Woman sought help before killing herself

A woman twice asked for help at mental health centres in the two weeks before she took her own life.

A two-day inquest into the death of mother-of-two Patricia Brace, who hanged herself on March 22 last year, heard she had twice been referred by GPs to the Elmleigh mental health hospital, Havant, in the 13 days before her death.

She had also presented herself at the Parkway mental health centre in Havant before she ended her life at home in Park Lane, Cowplain.

The 64-year-old had suffered chronic clinical depression since her late teens and had attempted suicide once before, in 1992.

On March 9 and 10 last year, Mrs Brace told psychiatric staff at the Hampshire Partnership Trust-owned centres she wanted to end her life.

On March 19 she had saved tablets prescribed for her depression and planned to commit suicide by taking an overdose.

She also presented a 'mood diary' to staff. One entry read: 'I think I have enough pills now. Please Lord, just take me. I can't go on like this.'

But staff believed they had dissuaded her and concluded admission to hospital was not appropriate.

Susan Adeyemo, modern matron at Elmleigh, said: 'The staff who saw Mrs Brace at Elmleigh both spent an hour with her and although she arrived in quite a distressed state and threatened to commit suicide, on both occasions she calmed down after speaking to medical staff and said she would not take her own life because of her partner, sons and dog and the effect it would have on them.

'On the second occasion, we did put her on to our home treatment register and we tried to arrange to meet her at her home on Friday, March 21. She said she wouldn't be able to do that, so we rearranged for the next evening, Saturday, March 22.'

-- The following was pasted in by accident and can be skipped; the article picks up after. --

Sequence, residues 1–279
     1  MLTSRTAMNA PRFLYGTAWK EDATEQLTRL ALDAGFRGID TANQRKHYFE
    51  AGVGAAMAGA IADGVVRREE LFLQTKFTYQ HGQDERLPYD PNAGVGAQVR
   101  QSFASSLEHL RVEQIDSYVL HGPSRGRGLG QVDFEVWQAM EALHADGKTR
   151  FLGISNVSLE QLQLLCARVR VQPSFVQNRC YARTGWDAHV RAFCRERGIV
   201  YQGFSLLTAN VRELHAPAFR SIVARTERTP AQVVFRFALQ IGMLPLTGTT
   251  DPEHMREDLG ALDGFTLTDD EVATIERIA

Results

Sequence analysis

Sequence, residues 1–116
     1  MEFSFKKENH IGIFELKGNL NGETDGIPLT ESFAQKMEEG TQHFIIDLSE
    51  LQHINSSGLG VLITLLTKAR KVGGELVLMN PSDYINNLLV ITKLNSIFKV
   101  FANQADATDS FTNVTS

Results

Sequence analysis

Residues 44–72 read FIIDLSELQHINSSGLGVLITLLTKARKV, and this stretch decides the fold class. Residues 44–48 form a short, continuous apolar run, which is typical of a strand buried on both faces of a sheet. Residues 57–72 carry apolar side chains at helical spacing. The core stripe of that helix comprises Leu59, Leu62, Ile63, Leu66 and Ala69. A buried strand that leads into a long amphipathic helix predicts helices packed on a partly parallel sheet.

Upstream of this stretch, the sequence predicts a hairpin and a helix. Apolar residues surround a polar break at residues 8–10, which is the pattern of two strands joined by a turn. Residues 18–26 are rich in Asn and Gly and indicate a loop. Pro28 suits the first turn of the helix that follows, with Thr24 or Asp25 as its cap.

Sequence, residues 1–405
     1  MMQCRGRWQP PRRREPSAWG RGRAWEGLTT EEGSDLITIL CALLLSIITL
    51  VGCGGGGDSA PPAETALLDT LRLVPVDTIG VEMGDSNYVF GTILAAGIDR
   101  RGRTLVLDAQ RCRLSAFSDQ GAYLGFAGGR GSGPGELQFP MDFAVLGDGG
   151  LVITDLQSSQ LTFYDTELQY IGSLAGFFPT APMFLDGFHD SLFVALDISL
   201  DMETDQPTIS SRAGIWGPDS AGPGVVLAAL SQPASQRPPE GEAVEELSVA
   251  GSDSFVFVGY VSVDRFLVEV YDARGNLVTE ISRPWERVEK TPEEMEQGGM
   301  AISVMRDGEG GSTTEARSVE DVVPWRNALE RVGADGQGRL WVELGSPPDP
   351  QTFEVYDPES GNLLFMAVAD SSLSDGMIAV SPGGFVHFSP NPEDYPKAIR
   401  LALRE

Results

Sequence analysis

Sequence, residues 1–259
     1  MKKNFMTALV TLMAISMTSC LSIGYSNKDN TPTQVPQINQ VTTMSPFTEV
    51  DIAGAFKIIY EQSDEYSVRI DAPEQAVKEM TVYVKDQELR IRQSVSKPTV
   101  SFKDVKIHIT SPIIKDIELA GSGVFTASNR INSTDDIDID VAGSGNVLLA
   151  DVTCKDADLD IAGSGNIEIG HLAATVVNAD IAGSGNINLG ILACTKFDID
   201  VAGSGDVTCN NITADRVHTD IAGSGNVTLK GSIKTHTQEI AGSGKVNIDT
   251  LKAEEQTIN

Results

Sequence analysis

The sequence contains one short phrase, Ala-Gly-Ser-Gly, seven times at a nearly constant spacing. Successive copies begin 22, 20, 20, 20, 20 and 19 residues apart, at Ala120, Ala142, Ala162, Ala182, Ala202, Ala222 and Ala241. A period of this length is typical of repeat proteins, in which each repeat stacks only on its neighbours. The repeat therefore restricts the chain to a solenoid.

However, just hours before her home visit was due to take place, Mrs Brace hanged herself from the entrance to her loft.

Recording a narrative verdict, coroner David Horsley said: 'She had a long history of depression. She had attempted suicide once and hoped to be admitted for treatment when she told medical staff of her plans to do so again.

'Those threats were considered a cry for help by staff, but what she did on Saturday, March 22 was something different. That time she did not tell anyone what she planned.'

Mrs Brace's sons have written to Hampshire Partnership Trust to outline their concerns about the run-up to their mother's death.


Pat Brace's sons Philip, 37, and Matthew, 32, say they will remember their mother for the life she lived, rather than the circumstances in which she died.

The inquest into their mother's death necessarily focused on the 64-year-old's history of depression, especially during her lowest points in the weeks preceding her death.

But Philip said: 'The picture we will carry of our mother is not the view presented of her final days.'

Instead, the brothers will remember a sociable, adventurous woman.

Mrs Brace, born Patricia Hemmings on November 12 1943, was the eldest of three daughters. She worked as a secretary after leaving school.

She married Austen Brace in September 1966, and the couple had two children. Philip was born in May 1971 and Matthew in March 1976.

She looked after the boys and the family home, but also managed the accounts for her husband's engineering business.

After the couple divorced in 1989, she worked at Clanfield Co-op.

After retiring, she worked as a volunteer at Merchistoun Hall, Horndean, and the Rowans Charity Shop in Queen's Parade, Waterlooville.

Philip said: 'She and her partner Tony Clarke enjoyed travelling together.'

Matthew added: 'She liked line dancing, was interested in family history and the protection of animals, and was a member of the World Wide Fund for Nature.'

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